I don't own a digital watch, always preferred an analogue one, but a good watch is as much a piece of jewellery as a functional device, I have an excellent one that I was given for 25 years service not long before I was made redundant in 2015. I only wear it for a night out though don't wear it at home or when working there are so many clocks everywhere these days.
  18. SpookyFrank

    SpookyFrank If it's alive, don't lick it.

    I think if there's a case for an older version of something being objectively better in terms of functionality, energy efficiency, resource use, and aesthetics then we should be merciless about abandoning the new thing. Aesthetics is obviously a tricky one because it's subjective, and with the other factors maybe people won't want to sacrifice functionality for efficiency, but there must be clear examples of shit things that everyone uses even though an objectively better old version exists.

    Capitalism of course does not allow either the individual or society as a whole to make these decisions. You can maybe pay over the odds for 'vintage' stuff but you can't make anyone keep producing something forever just because it was perfect to start with. If, for example, ebooks take off to such an extent that printing on dead trees is no longer cost effective then all you'll be able to get will be old books, or new ones at a premium price because what used to be the norm is now a special, niche product. At no point will a group have experts have sat round a table and decided based on sensible criteria which is better, it will all be about market forces.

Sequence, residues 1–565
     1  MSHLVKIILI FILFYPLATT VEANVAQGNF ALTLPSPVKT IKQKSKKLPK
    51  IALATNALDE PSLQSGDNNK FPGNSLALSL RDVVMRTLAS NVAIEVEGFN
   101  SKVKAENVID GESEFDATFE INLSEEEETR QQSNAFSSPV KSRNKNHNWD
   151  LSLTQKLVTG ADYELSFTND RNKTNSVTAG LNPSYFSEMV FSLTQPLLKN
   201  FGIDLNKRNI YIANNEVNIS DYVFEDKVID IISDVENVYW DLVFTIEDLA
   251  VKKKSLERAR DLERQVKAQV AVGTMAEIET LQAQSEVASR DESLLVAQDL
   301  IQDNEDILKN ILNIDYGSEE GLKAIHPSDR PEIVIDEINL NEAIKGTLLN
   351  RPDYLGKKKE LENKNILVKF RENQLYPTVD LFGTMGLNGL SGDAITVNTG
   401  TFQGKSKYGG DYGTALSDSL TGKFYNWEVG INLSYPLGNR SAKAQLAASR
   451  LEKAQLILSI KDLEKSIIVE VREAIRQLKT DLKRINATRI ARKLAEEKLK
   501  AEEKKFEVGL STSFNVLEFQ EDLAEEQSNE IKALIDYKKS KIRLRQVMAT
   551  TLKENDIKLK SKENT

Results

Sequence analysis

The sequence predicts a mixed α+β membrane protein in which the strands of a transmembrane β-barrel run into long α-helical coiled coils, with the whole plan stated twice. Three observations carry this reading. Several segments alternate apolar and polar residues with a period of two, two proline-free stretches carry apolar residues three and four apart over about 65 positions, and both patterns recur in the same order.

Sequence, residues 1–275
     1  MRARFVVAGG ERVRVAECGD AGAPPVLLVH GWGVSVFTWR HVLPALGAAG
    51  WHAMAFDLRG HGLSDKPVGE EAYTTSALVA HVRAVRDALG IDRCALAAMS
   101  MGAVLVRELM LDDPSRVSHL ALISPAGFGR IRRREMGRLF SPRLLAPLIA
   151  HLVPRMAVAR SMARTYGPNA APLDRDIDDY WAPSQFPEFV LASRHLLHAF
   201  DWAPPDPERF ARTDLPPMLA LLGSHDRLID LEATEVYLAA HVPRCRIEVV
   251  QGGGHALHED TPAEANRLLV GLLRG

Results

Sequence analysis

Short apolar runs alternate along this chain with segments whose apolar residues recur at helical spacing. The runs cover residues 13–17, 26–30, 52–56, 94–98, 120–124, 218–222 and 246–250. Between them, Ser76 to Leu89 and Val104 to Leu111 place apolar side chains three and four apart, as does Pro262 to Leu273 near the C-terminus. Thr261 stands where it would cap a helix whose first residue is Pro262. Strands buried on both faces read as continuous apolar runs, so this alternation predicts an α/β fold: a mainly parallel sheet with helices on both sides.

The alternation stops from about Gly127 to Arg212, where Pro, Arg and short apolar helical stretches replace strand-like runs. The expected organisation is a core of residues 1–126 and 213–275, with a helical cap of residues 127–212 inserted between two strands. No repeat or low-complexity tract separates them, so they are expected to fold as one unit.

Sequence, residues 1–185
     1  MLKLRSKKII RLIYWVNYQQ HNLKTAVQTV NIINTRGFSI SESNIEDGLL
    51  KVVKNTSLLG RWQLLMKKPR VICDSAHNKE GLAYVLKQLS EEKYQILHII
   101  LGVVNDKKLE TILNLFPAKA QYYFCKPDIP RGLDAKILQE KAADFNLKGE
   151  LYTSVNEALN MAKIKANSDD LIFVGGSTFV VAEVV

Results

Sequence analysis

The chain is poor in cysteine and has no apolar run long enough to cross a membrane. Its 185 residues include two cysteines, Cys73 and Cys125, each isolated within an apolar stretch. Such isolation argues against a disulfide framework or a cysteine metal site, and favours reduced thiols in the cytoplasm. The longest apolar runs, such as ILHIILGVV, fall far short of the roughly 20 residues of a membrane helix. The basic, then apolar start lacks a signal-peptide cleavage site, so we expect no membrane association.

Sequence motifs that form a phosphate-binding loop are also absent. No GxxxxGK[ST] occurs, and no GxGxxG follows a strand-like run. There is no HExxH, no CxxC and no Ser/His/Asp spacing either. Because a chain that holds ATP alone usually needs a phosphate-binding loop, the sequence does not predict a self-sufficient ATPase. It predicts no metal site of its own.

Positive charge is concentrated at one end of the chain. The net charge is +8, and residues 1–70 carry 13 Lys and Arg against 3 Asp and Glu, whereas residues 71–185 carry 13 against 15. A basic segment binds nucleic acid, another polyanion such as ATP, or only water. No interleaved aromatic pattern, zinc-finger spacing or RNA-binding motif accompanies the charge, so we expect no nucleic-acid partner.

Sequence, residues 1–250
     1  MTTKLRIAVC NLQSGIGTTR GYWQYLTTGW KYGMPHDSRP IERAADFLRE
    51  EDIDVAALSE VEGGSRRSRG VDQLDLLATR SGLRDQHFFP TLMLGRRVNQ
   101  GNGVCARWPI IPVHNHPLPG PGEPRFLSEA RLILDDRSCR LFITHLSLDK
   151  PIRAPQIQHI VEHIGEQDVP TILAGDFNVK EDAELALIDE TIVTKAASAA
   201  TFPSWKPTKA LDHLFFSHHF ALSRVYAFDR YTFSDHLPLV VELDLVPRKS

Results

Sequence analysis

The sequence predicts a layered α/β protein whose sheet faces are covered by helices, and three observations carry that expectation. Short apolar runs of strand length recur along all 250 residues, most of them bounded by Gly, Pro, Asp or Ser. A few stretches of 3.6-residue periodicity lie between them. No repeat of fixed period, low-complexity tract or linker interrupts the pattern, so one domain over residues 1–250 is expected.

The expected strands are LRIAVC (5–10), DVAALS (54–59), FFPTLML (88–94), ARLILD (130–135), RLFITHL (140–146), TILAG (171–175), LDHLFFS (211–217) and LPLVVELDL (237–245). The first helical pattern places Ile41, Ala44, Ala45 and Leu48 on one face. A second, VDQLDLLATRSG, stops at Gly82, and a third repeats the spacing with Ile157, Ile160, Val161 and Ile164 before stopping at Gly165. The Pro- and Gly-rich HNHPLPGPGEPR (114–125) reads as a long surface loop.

Another thing to think about is mediation and control. My worst fears about Ipods were confirmed when everyone got that fucking U2 album whether they wanted it or not. If something is intangible, and it can be altered by someone or something else without your consent, then it's not really yours. And when stuff like music has no physical form it loses value, it loses emotional impact. CDs were solid nuggets of treasure to me when I was a teenager, I wonder what kids have to hold hold onto these days. As for playing music through a 5mm speaker grille on a fucking phone, well there's a clear step backwards.
    Ralph Llama likes this.
  19. likesfish

    likesfish an angry pretend soldier shooting at seagulls

    had some student at work claiming he couldnt see the point of a watch!
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  20. MickiQ

    MickiQ Well-Known Member

    What? Of course it does, people keep buying CD's the manufacturers will keep making them, people stop buying CD's they will stop making them, that's how market forces work. That's why vinyl is making a comeback because people are buying them more and more. There are loads of things that should never be subject to market forces but music formats aren't one of them.
  21. Wilf

    Wilf Dances like a Christian

    This really. I have a bit of a hairshirt/anticonsumerist thing about not needing every wave of technology or edition of phones, IT etc. However I have to admit that any preference I might have for music in album form is simply a nostalgia, growing up as a teenager and, most of all, the sleeve art. In reality I don't actually own any vinyl or give a toss as to whether it sounds better and am quite happy to, ahem, 'acquire' downloads.
    moochedit and MickiQ like this.
  22. Mrs D

    Mrs D . Banned